How to Use Mind Maps to Boost Your DevOps Testing Efforts


Mind maps have several applications, but few QA teams are aware of their usefulness when applied to testing software. Visual, fun to play with, and free to use, mind maps can spur creativity and group collaboration. This article helps explain how to use mind maps to organize your testing efforts, supporting the rapid rate of delivery inherent in a successful DevOps organization.

DevOps enables organizations to accelerate their application build, package, and deployment, providing business agility and happy customers. But DevOps often suffers from a bottleneck during testing. This article helps explain how to effectively use mind maps to organize your testing efforts, supporting the rapid rate of delivery inherent in a successful DevOps organization. There are lots of potential advantages to this approach when compared with traditional testing documentation.

For starters, humans are very visual. According to research by David Hyerle in Thinking Maps: Visual Tools for Activating Habits of Mind, “between 80 and 90 percent of the information received by the brain comes through the eyes,” and brainstorming using mind maps “sparks a high degree of open-ended networking and associative thinking.”

We can grasp information laid out in a mind map far more quickly than we can absorb it by reading a document. Mind maps can be beneficial for testing for the same reasons they work well in design or programming. Brainstorming around a central concept enables you to map out a diagram of associated ideas and encourages creative thinking. It also helps to accelerate the testing effort and meet the demands of the DevOps challenge.

What Can Mind Maps Do for You?

There are three key areas where mind maps can really boost your testing efforts.

  1. Visual organization: You can visually organize the system or app being tested, displaying the various workflows and mapping out the core features and new functions. You have an at-a-glance picture of exactly where the product is and what needs to be done to test it properly.
  2. Defining strategy: Mind maps allow you to prioritize your testing tasks and create a clear strategy (and validation points) for your testing efforts that's easy to communicate to the rest of the team, including developers and business stakeholders.
  3. Reinforcing domain expertise: The developers, the business team, and management can see how well you understand the app and the business objectives behind it. As you add validation points and performance expectations, identify security loopholes, and verify workflows, there's an increase in developer and business confidence that the test team has a clear understanding of what needs to be done to enhance and eventually release the product.

Traditional Documentation versus Mind Maps

The advantages of mind maps are thrown into sharp relief when we consider traditional documentation. Writing requirements documents, test cases, and reports is extremely time-intensive, it's a linear approach that no longer fits with modern software development methodologies, and you end up with an inflexible structure that's cumbersome and difficult to keep up to date.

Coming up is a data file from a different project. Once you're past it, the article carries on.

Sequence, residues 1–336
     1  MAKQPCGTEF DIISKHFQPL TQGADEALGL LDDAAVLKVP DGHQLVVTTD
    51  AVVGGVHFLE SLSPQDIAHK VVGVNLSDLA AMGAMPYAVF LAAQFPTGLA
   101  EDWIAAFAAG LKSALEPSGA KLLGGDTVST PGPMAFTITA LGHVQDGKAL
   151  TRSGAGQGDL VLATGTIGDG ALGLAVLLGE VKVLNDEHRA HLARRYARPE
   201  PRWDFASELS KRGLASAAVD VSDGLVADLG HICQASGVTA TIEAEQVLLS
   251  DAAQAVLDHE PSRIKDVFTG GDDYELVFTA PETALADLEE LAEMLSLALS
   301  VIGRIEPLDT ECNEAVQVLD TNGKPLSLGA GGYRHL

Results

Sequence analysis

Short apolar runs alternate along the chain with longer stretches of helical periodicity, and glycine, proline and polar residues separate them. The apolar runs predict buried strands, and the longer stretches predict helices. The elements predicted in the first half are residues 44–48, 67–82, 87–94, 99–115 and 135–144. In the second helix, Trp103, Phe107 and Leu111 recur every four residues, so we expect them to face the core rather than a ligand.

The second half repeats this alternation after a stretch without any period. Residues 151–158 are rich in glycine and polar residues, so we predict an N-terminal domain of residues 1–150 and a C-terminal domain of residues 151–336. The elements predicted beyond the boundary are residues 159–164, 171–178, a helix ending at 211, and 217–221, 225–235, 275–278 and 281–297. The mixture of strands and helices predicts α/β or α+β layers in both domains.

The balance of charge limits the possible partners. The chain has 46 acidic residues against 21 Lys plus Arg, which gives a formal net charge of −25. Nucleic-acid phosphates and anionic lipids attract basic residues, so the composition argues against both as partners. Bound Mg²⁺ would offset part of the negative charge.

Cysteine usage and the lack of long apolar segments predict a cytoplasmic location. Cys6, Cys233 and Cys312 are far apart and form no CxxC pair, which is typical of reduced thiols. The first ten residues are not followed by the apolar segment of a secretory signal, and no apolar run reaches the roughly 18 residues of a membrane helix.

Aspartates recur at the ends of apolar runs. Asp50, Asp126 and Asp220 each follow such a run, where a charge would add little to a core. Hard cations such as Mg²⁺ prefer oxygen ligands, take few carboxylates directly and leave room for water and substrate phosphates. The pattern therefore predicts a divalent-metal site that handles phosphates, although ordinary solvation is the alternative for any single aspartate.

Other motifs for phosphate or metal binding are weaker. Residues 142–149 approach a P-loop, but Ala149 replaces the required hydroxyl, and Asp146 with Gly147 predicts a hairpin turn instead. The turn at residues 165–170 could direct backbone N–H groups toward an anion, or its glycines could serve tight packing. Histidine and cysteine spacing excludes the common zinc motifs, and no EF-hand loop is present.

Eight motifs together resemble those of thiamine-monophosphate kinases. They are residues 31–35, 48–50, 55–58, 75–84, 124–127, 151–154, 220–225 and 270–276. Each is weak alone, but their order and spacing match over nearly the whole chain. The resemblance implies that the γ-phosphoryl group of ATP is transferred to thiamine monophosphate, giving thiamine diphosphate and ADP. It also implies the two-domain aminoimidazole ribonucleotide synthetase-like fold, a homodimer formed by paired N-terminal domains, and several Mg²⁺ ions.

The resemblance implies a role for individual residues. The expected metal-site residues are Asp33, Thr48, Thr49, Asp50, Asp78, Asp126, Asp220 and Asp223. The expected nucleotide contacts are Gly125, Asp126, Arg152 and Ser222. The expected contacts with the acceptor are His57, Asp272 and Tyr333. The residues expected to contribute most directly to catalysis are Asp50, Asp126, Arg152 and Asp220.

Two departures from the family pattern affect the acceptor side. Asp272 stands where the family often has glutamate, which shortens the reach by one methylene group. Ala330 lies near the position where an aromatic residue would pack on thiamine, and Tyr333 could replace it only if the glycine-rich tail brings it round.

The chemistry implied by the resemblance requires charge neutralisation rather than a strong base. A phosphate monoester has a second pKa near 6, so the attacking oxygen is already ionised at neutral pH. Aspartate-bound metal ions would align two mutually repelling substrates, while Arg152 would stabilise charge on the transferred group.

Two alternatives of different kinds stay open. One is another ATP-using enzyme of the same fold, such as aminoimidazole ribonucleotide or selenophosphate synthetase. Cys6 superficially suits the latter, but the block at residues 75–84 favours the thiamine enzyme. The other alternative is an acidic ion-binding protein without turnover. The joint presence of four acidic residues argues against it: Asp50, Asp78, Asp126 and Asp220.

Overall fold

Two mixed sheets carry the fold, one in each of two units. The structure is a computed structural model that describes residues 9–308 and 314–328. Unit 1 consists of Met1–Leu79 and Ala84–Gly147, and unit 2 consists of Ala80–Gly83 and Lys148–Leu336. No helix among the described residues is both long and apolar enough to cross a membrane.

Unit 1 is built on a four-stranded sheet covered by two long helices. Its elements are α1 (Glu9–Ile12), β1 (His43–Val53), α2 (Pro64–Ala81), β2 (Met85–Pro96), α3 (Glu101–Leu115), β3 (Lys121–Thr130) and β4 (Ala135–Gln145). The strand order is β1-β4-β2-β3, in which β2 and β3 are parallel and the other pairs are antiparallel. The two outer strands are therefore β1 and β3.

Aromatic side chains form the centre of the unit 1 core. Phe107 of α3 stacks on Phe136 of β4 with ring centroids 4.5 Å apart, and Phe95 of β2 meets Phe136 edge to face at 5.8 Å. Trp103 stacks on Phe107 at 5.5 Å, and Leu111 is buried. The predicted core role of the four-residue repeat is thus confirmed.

By contrast, mind maps are easy to develop and read, and the process of creating and updating them encourages creative thinking and collaboration. They are adaptable and flexible enough to work with different methodologies and during different phases of a project. Mind maps also offer a shortcut to understanding a project, testing it, and reviewing its progress.

The initial phase ensures that testers understand the product and features. It's necessary for the group to identify and discuss any potential gaps in workflows as they work to define a test strategy and build a plan. Cross-team review consolidates the plan and helps uncover any gaps in test coverage sooner rather than later.

Hidden Depths in Mind Maps

You can leverage the mind map itself as a recording mechanism for test progress and reporting. Think of it as a live document where color coding can be used to denote priorities, markers or symbols can indicate progress, and you get a good idea of where you are with your test strategy.

Your mind map can act as a snapshot of testing progress with various levels of detail. Subtopics and their subsubtopics can be collapsed or expanded to suit the audience, as you choose the level of granularity you need and dictate the data that's being reported. The same mind map can be used to delve into functional details and run a test case by a tester, while a business stakeholder can take a high-level overview to assess the general health of the product.

Because you aren't rewriting or replacing a document, you have a complete record of your process with a mind map, and this makes it very valuable for root-cause analysis when something goes wrong. You can explore a specific functional area and identity if there was any oversight in the test plan.

Consider also that mind maps make it easier to group manual test cases and identify coverage redundancies. You can see where common scripts might be used and reused for different scenarios, and this can serve as great preparation for automation candidates when needed.

Done properly, mind maps offer lots of tangible benefits over traditional documentation, and they mesh neatly with the focus on speed and agility in modern software development. DevOps is helping development organizations rethink their capabilities to continuously deliver new features while delighting business users. Creative approaches to enabling effective testing help improve quality and agility and drive successful DevOps.

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